A bucket hat is a hat with a narrow, downward-sloping brim. They were traditionally made of unwashed raw wool and worn by Irish farmers and fishermen in 1900 as protection from the rain. The lanolin from the unwashed wool made the hats naturally waterproof, and therefore ideal for Irish weather. Over the years, these lightweight hats became popular as fishing hats, for sun protection, for warmth, or as a fashion accessory. In the ‘60s, the look was popular with the Mod subculture. In the ‘80s and ‘90s, the Kangol bucket hat was popular in the hip-hop scene.
We see a sprinkling of solid and patterned bucket hats every season because they are an iconic classic. But recently they’ve gained momentum and are having their fashion moment. Bucket hats can be worn year round across a range of weather-appropriate fabrics. Wool, shearling, tweed, sherpa, leather, pleather, corduroy and flannel for cold weather. Cotton, crochet, straw, canvas, and cotton blends for hot weather. Weatherproof fabric for rain, and recycled fabric is popular too. Here are some examples.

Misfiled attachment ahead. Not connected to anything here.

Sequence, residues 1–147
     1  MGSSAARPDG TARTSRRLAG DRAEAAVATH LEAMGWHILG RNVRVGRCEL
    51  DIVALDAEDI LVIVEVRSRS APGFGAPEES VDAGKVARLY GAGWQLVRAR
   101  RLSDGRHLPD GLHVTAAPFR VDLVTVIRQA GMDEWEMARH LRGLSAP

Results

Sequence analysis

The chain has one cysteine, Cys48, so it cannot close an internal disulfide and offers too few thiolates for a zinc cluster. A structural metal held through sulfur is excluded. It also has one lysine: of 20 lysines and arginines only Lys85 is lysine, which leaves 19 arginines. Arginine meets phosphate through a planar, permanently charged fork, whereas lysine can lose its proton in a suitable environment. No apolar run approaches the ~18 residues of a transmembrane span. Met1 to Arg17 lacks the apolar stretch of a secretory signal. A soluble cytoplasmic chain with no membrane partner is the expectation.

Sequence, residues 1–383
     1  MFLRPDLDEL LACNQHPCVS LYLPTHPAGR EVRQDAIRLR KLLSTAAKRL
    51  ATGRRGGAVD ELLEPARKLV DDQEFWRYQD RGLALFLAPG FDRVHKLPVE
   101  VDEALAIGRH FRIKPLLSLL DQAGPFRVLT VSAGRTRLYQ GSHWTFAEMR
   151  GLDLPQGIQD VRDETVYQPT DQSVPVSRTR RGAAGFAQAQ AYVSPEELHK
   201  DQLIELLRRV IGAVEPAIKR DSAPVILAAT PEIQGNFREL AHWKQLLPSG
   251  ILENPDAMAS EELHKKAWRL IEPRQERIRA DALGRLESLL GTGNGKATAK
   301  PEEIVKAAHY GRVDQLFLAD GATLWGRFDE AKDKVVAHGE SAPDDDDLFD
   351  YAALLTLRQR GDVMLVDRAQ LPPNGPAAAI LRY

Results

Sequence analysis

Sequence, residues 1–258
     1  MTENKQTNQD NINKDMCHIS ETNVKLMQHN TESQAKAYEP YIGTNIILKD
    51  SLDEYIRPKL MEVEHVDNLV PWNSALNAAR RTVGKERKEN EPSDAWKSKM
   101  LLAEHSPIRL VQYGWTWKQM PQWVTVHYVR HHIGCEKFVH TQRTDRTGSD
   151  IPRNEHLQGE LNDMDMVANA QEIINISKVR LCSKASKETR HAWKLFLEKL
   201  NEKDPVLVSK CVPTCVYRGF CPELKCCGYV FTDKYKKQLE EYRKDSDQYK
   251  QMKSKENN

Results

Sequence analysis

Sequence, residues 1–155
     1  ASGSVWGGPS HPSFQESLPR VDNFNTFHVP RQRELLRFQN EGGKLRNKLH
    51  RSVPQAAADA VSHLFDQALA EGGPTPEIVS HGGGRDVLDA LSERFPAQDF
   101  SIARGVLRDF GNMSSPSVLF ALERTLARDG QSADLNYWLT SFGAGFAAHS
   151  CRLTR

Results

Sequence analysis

Some of the brims are wider and floppier than the more traditional stiff and narrow brim. Most of the fits are structured but some are oversized. Some of the shapes are round, and others more square. Some versions are reversible. Most bucket hats are easily folded and washed, which means you can pop them into a bag or large coat pocket, or travel with them. They are handy to have in weatherproof nylon in rainy Seattle when you don’t have a hood or umbrella. The narrow brims don’t offer a lot of sun protection, but they do offer some protection. In the right fabric, they will keep your head quite insulated too.
I don’t have a bucket hat, but I like them. If I came across one that I liked, fit well, and didn’t blow off my head, I’d wear it as a warm-weather hat. How about you?